New dinosaur species seem to get announced every other day. Some really are new to science. Others have turned out to be the kids of well-known species, which the paleontologists didn’t recognize because juvenile animals tend to look different from adults. This has now happened with two dinosaur skeletons found almost 20 years ago. They are not teacup tyrannosaurs or Nanotyrannus as once postulated: they were teenage Tyrannosaur rexes.
Their newly identified family affiliation of the terrible twain was announced Wednesday in Science Advances, in the article "Growing up Tyrannosaurus Rex".
Aside from misidentifying juvenile characteristics as unfamiliar adult features, some suggest that the explosion of dinosaur species is because scientists can name new species after themselves, perpetuating their name for posterity. Or they can commemorate someone else, be it a mentor, their pet rat or Donald Trump. Some clever scientists even had the idea of auctioning the right to name new species of snail-sucking snakes they had found.
Don’t be judgy about the bias toward new species. Juvenile forms of animals really can look different from the mature version. Think tadpoles versus frogs. Imagine a paleontologist tens of millions of years in the future unearthing fossil tadpoles and fossil frogs, and having no live ones to compare with. You can see how the future paleontologist might not realize the one was the baby of the other.
Baby T-rex isn’t as different from the gargantuan parent as a tadpole from a toad. But a recent artist’s impression of the infant T-rex shows there is some mental ground to cover.
We wish to point out at this stage that adult T-rexes are not thought to have been feathered head to talon. Although feathering seems to be the basal dinosaurian condition, like hair is to mammals, the giants were apparently bare-skinned.
Bushy-tailed or bald, the adult T-rex could reach about 40 feet (12 meters) in length. Just its skull was 5 feet long. The specimens found in the early 2000s in Carter County, Montana, were clearly titchy tyrannosaurs of some type, but they were no taller than a horse and only twice as long – about 8 feet.
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Their proud possessor of the teen rexes, the Burpee Museum of Natural History in Rockford, Illinois, named them Jane and Petey. As for their identity: As is entirely normal in paleontology, the identity of the titanic twain was not immediately clear. There was thinking that they were adults of a pygmy variant called Nanotyrannus.
See Jane run. See Petey run too. Run
It is now clear that the tyrannosaurian range was vast, reaching all the continents extant during their time and while some were very, very big, some were not. In the mid-Cretaceous, Suskityrannus hazelae was a rex relative that would have reached your hip, though including the tail it stretched a whole 9 feet in length. Moros intrepidus, “harbinger of doom,” loomed over Suskityrannus by a few inches.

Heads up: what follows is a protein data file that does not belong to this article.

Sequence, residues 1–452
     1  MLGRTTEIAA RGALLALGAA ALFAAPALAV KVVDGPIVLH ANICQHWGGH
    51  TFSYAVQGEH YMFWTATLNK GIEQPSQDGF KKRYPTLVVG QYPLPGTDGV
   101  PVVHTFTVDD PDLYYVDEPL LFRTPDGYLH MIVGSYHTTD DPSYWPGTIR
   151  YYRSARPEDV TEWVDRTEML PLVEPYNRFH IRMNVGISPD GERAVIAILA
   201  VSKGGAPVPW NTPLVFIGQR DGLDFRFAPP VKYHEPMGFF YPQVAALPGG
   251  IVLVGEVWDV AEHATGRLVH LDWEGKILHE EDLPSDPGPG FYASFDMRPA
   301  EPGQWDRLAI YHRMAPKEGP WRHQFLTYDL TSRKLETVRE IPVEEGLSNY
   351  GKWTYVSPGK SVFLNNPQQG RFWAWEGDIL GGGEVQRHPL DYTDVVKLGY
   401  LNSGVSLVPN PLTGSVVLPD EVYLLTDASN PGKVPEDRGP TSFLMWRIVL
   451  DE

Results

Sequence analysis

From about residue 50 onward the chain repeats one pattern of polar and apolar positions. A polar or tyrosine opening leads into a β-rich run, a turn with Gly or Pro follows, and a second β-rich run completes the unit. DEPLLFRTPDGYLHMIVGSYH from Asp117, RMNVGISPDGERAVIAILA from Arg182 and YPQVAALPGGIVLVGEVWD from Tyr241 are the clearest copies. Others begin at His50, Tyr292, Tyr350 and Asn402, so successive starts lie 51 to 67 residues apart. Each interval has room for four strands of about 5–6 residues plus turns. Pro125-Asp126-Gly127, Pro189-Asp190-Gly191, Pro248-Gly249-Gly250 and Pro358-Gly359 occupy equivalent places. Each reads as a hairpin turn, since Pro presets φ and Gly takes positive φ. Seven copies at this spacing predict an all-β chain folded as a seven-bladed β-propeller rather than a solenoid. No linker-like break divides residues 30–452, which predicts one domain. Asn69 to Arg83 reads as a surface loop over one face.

Suskityrannus and Moros are thought to have weighed about as much as a fat Labrador or trim Great Dane – say, 80 kilograms (around 175 pounds). T-rex weighed maybe 14,000 kilograms, or almost 31,000 pounds. Jane and Petey were in between, size-wise.
It was microscopic analysis of the bones that led Holly Woodward of the Oklahoma State University Center for Health Sciences and the team to the conclusion that the skeletons were juvenile T. rexes, not a newly discovered nano-species.
Happily, when an animal fossilizes, so does bone tissue at the microscopic level. Measuring rings in their leg bones – which are sort of like tree rings – led Woodward to realize that Jane was only 13 years old when she died and Petey was 15.
The team also learned that in lean years, the teenage T-rexes didn’t grow as much. But when food was plentiful, they grew like weeds.
Because it took T. rex up to 20 years to reach adult size, they did change a lot as they grew up – though not as much as tadpole to toad.
Thinking about the behavior of T-rexes changes a lot: Were they heavy-footed lumbering monsters or nimble? Did they hunt in packs? Did they have feather mohawks?
Woodward believes the adults were “lumbering bone crushers” while the teenage tyrannosaurs – sort of like teenage humans – were “fast, fleet-footed and had knife-like teeth for cutting.”
“The spacing between annual growth rings record how much an individual grows from one year to the next,” she explains. “The spacing between the rings within Jane, Petey, and even older individuals is inconsistent: Some years the spacing is close together, and other years it’s spread apart.”
The paper’s co-authors included Jack Horner of Chapman University; Nathan Myhrvold, founder and CEO of Intellectual Ventures; Katie Tremaine of Montana State University; Scott Williams of the Museum of the Rockies; and Lindsay Zanno of the North Carolina Museum of Natural Sciences.